The Global Youth Tourism Summit organised by the UNWTO in collaboration with other strategic partners is the latest addition to the growing youth dedicated event to advance the power of tourism for young people. Taunted as a game changer, the event had over 120 youngsters who put Tourism Ministers, business leaders and industry echelons to the task of answering tough questions on thorny issues such as mass tourism, biodiversity, equality, culture, and policies around the future of travel and tourism.

The summit placed the youth in the driving seat and offered them a unique opportunity to engage and understand the issues in the tourism sector.

Events such as this need to be replicated around the world to not only nurture the next talents of tourism professionals but to also serve as an advocacy platform for youth to be heard.

The Secretary General of UNWTO throughout his administration has rallied member states to recognise the importance of youth participation in tourism and thus creating platforms and avenues for the industry to harness their potential.

At the closing ceremony of the historic GYTS event, the UNWTO Scribe Zurab Pololikashvili said, “The Global Youth Tourism Summit is a hugely important first, for UNWTO and for our sector, and that young talent from every region will be supported to give them a stage to voice their ideas about tourism’s future.”

As the delegate from Spain stated on a podcast conversation, “It is good to make the youth the future but it is even greater to be factored in the present discourse and planning”.

Understanding the needs of youth will help the industry and policy makers to develop a robust and agile plan. The attainment of the Sustainable Development Goals (SDGs) requires commitments on the consideration of youth in realising this agenda.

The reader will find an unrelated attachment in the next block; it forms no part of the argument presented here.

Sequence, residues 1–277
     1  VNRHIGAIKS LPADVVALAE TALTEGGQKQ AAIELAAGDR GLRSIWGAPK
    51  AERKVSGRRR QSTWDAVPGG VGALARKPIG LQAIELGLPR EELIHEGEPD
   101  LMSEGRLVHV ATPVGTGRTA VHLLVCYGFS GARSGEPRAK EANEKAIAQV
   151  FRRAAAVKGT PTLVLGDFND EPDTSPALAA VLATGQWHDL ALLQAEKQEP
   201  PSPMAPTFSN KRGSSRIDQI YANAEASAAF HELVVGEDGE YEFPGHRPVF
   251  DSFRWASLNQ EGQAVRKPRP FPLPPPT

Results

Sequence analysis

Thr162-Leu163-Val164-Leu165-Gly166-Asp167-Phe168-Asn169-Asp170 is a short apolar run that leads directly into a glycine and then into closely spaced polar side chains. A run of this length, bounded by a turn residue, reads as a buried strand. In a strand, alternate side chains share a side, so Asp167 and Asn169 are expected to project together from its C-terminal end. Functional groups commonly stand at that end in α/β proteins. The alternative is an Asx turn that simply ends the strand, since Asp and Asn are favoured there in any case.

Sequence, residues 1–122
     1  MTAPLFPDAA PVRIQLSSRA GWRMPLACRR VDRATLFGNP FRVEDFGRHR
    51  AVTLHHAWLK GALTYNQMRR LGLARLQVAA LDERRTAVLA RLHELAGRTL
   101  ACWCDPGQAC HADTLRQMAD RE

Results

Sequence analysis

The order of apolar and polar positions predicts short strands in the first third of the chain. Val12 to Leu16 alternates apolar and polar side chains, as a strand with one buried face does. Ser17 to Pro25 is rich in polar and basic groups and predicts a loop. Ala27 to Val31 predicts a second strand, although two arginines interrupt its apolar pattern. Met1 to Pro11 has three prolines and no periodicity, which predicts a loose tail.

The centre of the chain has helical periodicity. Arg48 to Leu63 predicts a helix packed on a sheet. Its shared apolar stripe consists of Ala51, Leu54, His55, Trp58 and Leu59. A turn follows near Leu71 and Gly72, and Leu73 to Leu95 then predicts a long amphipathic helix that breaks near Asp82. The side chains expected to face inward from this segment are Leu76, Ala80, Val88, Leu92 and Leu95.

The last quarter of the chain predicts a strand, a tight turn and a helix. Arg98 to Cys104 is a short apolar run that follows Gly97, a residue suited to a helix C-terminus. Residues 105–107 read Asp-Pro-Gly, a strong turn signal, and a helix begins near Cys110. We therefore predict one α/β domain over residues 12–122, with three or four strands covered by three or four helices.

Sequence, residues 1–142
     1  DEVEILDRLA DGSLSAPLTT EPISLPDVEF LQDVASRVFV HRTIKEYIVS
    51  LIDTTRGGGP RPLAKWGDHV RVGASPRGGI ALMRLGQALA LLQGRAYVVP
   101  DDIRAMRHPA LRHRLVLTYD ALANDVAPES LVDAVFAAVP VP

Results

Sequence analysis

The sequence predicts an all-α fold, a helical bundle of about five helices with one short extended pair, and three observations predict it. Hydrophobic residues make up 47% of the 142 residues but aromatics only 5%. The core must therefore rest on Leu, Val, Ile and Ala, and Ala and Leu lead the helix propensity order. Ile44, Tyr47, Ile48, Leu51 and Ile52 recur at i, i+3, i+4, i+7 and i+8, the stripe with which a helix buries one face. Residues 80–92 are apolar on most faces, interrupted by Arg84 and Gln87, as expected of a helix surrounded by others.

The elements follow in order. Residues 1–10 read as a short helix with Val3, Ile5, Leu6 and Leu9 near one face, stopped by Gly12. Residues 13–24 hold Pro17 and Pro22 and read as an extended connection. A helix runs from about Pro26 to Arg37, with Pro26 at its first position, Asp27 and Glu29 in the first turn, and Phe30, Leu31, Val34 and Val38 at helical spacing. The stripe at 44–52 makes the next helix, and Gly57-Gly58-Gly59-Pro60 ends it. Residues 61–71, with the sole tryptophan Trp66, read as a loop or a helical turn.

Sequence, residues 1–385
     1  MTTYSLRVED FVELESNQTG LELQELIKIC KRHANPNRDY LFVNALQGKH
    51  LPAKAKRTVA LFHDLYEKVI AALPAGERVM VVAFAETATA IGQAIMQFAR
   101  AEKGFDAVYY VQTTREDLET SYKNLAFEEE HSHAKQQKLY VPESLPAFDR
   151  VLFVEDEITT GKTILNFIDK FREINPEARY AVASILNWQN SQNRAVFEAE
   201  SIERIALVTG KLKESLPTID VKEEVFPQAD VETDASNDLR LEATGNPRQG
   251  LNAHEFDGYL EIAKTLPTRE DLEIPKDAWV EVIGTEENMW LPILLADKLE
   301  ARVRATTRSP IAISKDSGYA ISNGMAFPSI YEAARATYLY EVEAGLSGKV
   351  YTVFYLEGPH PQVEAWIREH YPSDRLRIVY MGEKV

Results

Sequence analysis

Mere appointments of youngsters in positions of influence are not enough to benchmark the success of youth engagements but deliberate efforts to promulgate policies, which make youths active participants in the design of tourism should be the way to go.

This assertion was buttressed by Jayathma Wickramanayake, United Nations Secretary General’s Envoy on Youth, when she underscored the importance of promoting the active engagement of young people as agents of transformational change, challenging the status quo, and realizing the Agenda 2030.

The Sorrento Call to Action succinctly makes the case for the active involvement of youths in the affairs of tourism. The Call-to-Action states that “decision-makers must empower the youths, providing them with opportunities to voice their concerns” while also working to “stimulate education to ensure responsible travellers and professionals.” At the same time, it recognizes the historic significance of the first Global Youth Tourism Summit and calls on UNWTO to hold annual summits and to work with its Member States on national events.

Africa Tourism Partners, organisers of Africa Youth in Tourism Innovation, have through numerous events championed the youth participation in tourism and they need support to actualise some of the outcomes, which portent well for the industry. The latest being the 4th edition of the event in Windhoek, Namibia’s capital, and it was another giant step in integrating youth in the tourism sector and harnessing their potential to build a resilient and buoyant tourism sector.

As we mark World Youth Day, let’s continue to give youth a meaningful place in the wider tourism space and ensure that they are equipped with the requisite skills and support to remain relevant to the sector.